Report: Samsung undecided on US fab location

02 July 2021
Intel plans to build two additional fabs at its Ocotillo campus in Chandler, Arizona and will offer foundry services from these facilities. Source: Intel

While it has been reported that Samsung Electronics’ move to build a semiconductor manufacturing facility in the U.S. in Austin, Texas, the Korean electronics manufacturer is still undecided on the final destination.

Samsung has considered spending some $17 billion to build a chip plant in the U.S. and purchase 258 acres of land in Northeast Austin last October near an existing manufacturing plant, according to Austonia.

However, according to U.S. Sen. John Cornyn, R-Texas, companies such as Samsung would not consider building such fabs without funding and tax credits.

Cornyn helped spearhead the approval of Creating Helpful Incentives to Produce Semiconductors (CHIPS) for America Act that recently passed the Senate and would pump $52 billion in federal investments into U.S. domestic chip manufacturing.

"China's building 17 semiconductor facilities as we speak,” Cornyn said. “The United States is seeing one built in Arizona right now by Taiwan Semiconductor. So we need to think differently about how we encourage manufacturing of this vital component of our daily life here in America."

Cornyn spoke during a media event at Samsung’s current Austin plant to discuss the passing of the CHIPS for America Act and its importance in U.S. national security, economy and job growth.

During the conference, Samsung said it has not finalized the site selection of the new plant and was waiting for incentives and tax breaks to be clarified first.

Without Samsung’s plant and others that are planned, the U.S. could continue to lag behind Korea, Taiwan and China and continue to rely on foreign manufacturing.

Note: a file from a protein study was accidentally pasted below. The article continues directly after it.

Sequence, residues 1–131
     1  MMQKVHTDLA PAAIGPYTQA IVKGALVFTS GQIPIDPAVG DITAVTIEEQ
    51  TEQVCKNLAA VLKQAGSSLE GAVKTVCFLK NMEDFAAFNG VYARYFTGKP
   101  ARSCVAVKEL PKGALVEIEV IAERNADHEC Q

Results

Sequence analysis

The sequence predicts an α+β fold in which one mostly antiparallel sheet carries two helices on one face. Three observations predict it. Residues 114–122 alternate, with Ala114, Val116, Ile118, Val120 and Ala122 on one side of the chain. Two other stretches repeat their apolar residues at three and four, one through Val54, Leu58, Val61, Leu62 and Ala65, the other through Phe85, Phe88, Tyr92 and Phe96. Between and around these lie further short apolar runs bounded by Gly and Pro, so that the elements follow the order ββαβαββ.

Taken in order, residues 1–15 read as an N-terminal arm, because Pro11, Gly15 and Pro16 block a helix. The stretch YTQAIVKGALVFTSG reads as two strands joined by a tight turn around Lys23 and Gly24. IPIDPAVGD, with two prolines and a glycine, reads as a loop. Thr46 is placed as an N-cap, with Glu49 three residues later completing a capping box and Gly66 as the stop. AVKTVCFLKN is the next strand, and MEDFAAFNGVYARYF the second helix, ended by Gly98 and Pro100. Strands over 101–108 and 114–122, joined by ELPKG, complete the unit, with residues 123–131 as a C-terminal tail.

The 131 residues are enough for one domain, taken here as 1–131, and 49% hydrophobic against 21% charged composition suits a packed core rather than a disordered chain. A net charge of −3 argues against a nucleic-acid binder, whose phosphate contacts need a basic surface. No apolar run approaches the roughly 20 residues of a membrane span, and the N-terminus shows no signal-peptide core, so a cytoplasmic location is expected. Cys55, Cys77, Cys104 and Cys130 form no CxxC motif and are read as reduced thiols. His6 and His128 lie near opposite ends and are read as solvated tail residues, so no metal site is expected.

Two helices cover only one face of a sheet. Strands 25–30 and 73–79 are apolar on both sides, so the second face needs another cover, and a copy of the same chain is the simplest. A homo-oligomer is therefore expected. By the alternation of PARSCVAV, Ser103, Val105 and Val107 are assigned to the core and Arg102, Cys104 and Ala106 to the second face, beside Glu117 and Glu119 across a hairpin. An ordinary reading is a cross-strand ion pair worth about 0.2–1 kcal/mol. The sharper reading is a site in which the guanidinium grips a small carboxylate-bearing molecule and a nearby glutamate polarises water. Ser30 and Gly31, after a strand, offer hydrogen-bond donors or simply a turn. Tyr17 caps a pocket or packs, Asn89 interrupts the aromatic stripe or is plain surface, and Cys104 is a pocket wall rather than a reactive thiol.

"If for some reason our access to the semiconductors made in Asia were cut off … as a result of a conflict or some kind of pandemic or a natural disaster, it would have dramatically bad consequences on the United States," Cornyn said.

COVID-19’s legacy

The lasting impact of the COVID-19 pandemic has companies and governments worldwide scrambling to increase domestic manufacturing to avoid the pitfalls of semiconductor manufacturing aggregation being located primarily in Asia.

After the initial shock of lockdowns and stay-at-home orders, the semiconductor supply chain struggled to get back on track with numerous markets including the automotive sector that was especially hit hard and continues to impact the sector with many automotive OEMs expecting to suffer a loss in revenue this year as they are unable to manufacture as many cars as they normally would.

In the U.S., CHIPS for America Act would give extra incentives to domestic chip companies as well as foreign investments to build fabs in the country. Taiwan Semiconductor Manufacturing Co. (TSMC) started construction of its new fab site in June and plans to spend initially $12 billion on the factory but it may spend up to $35 billion to build a gigafab depending on incentives, according to reports.

Intel has also pledged to build two new fabs at its Ocotillo campus in Chandler, Arizona. Intel is investing $20 billion in the fabs as well as an additional $3.5 billion to expand its New Mexico operations for advanced chip packaging technologies.

GlobalFoundries has pledged $1.4 billion to increase output at its three factories in the U.S., Singapore and Germany. The company also recently purchased about 55 acres of undeveloped land adjacent to its Fab 8 facility in Malta, New York.

The European Union has set a goal to produce 20% of the world’s chips by 2030 and is upping its incentives for semiconductor vendors to build fabs there with Germany recently trying to woo Intel to build a new factory in the state of Bavaria.

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